“This Court should vindicate the fundamental rights of New Hampshire voters by enjoining future use of the Challenged Plans and ordering the creation and implementation of new Senate and Executive Council plans that comply with the requirements of the New Hampshire Constitution,” the attorneys write.

The suit notes that Sununu twice vetoed bills that would have established an independent redistricting commission claiming there is little gerrymandering in the state.

And members of the House Special Redistricting Committee acknowledged that partisan consideration was used to determine the drawing of Congressional districts, and that political affinity is one of the most important considerations in drawing the maps.

The suit goes over the 24 districts and how they were changed to better position Republicans to maintain control.

“Put simply, New Hampshire Republicans drew the Senate Plan with bizarrely shaped, non-compact districts that unnecessarily deviate from population equality and divide communities of interest, all to accomplish their clear and predominant objective: entrenching and expanding Republican control of the Senate,” the plaintiffs argue.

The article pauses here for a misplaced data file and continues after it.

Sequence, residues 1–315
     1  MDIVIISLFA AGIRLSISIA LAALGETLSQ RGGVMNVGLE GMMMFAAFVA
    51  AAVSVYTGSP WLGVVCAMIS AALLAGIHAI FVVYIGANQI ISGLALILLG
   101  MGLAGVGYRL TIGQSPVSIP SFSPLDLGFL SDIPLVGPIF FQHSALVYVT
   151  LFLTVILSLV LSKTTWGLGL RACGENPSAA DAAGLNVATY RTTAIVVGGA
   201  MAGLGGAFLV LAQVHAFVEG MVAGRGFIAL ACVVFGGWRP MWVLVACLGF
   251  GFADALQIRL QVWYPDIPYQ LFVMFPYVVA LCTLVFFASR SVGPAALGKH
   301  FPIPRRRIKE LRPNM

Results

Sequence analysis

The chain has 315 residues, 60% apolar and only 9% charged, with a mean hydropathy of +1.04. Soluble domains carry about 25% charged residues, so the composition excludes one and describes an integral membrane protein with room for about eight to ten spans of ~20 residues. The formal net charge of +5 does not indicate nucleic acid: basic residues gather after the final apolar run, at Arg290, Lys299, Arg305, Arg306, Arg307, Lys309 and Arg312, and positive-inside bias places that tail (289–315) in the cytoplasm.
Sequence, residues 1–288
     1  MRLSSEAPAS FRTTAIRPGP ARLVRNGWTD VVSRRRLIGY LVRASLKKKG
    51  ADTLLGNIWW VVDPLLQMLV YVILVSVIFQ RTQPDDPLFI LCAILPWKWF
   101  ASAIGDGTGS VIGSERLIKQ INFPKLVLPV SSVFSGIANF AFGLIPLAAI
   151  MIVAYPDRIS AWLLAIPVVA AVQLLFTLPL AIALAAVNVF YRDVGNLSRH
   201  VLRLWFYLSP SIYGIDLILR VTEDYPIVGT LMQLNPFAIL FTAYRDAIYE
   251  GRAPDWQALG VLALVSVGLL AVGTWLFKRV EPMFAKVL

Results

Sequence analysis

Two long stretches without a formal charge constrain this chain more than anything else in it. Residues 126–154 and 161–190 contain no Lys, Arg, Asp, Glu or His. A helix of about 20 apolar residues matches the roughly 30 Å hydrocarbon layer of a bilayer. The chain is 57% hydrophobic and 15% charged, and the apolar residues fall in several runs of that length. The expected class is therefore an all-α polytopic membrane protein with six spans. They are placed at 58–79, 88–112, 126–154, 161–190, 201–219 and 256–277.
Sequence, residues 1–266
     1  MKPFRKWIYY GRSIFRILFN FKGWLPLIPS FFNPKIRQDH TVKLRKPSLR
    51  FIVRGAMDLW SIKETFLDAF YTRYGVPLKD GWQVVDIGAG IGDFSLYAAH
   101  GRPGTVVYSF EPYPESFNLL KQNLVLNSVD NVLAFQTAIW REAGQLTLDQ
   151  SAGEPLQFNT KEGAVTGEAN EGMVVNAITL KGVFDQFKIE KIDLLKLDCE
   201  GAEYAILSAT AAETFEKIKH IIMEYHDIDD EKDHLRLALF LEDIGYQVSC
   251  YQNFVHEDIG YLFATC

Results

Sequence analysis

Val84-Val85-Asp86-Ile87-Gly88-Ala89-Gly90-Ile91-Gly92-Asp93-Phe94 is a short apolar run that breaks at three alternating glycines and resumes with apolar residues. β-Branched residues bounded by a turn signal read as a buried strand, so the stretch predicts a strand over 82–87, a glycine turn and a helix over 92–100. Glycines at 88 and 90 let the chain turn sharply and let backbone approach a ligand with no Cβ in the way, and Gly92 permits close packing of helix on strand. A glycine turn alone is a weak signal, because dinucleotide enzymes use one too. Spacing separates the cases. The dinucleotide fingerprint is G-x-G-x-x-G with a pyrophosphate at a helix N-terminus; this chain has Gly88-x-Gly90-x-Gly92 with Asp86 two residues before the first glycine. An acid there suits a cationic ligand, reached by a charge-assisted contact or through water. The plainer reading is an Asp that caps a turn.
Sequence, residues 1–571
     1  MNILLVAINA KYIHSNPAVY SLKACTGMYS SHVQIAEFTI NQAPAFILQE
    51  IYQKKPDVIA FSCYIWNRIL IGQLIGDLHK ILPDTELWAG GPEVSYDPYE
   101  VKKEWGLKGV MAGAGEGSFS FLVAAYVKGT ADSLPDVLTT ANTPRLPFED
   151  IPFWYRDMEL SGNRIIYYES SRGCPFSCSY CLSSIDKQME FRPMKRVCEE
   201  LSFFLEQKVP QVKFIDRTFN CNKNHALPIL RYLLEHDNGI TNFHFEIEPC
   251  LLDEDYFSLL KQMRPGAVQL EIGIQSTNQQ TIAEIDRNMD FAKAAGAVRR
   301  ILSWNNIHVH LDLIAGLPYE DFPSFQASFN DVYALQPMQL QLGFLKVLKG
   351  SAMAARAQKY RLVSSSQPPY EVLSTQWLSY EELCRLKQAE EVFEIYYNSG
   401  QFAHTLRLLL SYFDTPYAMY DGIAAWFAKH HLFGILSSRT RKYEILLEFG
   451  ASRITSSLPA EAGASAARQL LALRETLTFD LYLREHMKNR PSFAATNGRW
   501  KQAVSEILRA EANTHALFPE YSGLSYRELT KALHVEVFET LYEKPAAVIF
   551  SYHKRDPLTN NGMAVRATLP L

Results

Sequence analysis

Similarly the suit explores the changes to the Executive Council map saying “the Executive Council plan’s bizarrely shaped districts cannot be explained by anything other than an intent to warp that body’s elections in favor of Republicans.”
The plaintiffs ask that they be granted their costs, disbursements and reasonable attorney fees.

The suit over the Congressional districts has a special master who will issue a report no earlier than May 27, the last scheduled meeting of the legislature this spring, which will be the topic of oral arguments May 31.

Garry Rayno may be reached at